They left their homeland for South Africa, also a beautiful land. But on the day I was having this conversation, we were bracing ourselves though near gale force winds blowing sand through every opening on buildings. You could hear their longing for home in their voices.

And, they remarked often how they had left safety for crime. These immigrants left home to live in shacks in an impoverished, crime ridden community.

A community which I consider to be a part of my mission field.

Why you ask?

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“There are no jobs in Malawi”

These middle class Malawians left peace and safety to become impoverished foreigners in a land which often projects xenophobia (fear of the foreigners) onto those with different passports.

All this to have a chance to work.

  • They gave up peace and relinquished better houses.
  • They chose to move far from family, often leaving behind spouses and children.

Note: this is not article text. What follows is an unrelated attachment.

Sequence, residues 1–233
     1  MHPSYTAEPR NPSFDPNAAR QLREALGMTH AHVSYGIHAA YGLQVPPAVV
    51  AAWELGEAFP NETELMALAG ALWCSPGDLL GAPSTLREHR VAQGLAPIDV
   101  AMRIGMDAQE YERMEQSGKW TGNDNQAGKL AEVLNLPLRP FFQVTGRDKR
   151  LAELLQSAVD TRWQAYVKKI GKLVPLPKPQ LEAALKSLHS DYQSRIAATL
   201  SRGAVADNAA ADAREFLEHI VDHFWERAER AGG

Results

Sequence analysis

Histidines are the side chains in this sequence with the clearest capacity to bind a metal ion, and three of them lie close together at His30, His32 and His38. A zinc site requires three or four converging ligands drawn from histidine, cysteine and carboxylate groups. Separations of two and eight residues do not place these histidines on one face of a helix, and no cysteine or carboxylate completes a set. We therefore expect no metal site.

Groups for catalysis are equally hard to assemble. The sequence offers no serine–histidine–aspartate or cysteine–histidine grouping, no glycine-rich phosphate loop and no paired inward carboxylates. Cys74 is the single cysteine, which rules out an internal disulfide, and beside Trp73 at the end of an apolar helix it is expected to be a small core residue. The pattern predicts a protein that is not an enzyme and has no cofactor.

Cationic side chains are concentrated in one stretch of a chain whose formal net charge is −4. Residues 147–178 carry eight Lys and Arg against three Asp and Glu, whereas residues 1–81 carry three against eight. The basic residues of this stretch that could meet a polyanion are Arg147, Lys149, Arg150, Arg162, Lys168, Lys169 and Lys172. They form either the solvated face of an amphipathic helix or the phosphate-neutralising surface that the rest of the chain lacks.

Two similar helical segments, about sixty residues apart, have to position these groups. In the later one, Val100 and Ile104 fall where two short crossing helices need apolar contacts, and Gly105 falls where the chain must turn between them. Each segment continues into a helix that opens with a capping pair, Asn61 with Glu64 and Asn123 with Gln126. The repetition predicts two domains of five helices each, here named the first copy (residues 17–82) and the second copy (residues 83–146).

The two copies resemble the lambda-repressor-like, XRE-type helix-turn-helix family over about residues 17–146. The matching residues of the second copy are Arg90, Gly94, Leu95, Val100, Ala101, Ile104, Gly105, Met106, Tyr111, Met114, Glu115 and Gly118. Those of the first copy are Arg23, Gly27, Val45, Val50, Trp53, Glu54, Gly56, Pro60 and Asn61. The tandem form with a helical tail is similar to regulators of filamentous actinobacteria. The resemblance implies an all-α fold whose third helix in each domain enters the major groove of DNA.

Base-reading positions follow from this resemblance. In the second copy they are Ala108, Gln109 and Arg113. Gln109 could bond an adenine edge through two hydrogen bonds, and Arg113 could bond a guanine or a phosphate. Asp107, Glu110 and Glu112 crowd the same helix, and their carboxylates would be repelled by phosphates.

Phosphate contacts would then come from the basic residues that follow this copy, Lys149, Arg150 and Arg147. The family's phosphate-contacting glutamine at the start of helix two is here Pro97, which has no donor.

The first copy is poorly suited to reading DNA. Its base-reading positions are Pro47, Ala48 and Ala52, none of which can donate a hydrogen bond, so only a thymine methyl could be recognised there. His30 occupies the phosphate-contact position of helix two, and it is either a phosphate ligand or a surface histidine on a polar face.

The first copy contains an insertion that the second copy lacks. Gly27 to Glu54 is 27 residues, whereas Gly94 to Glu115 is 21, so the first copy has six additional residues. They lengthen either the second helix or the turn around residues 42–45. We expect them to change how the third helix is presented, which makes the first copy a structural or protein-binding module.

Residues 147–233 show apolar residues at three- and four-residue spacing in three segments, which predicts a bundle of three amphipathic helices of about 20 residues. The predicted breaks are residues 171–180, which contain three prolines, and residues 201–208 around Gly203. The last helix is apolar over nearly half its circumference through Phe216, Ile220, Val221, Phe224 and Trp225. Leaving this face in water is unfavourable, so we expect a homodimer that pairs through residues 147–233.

South Africa is my mission field. But to these beautiful people from Malawi, it is a land of opportunity.

One man’s nation in need of “missions” is another’s land of opportunity.

As I got to know these natives of Malawi, I found myself wondering why they chose this life. What drives educated folk to choose a downgrade in lifestyle in hopes of climbing higher in the future?

In my years in South Africa, I’ve met Zimbabwean doctors and Rwandan lawyers cleaning houses and washing cars. Often they fled political turmoil or tyrannical dictators for a crime-ridden, but governmentally stable nation.

I get this. Sad as it is, I can make sense of it.

But leaving a family in a peaceful land is harder for me to grasp.

I came away struck by the power of hope. These people left home in search of a better life.

In my nation, we call that the “American dream.”

I found myself so drawn to the hope these saints carried in their hearts.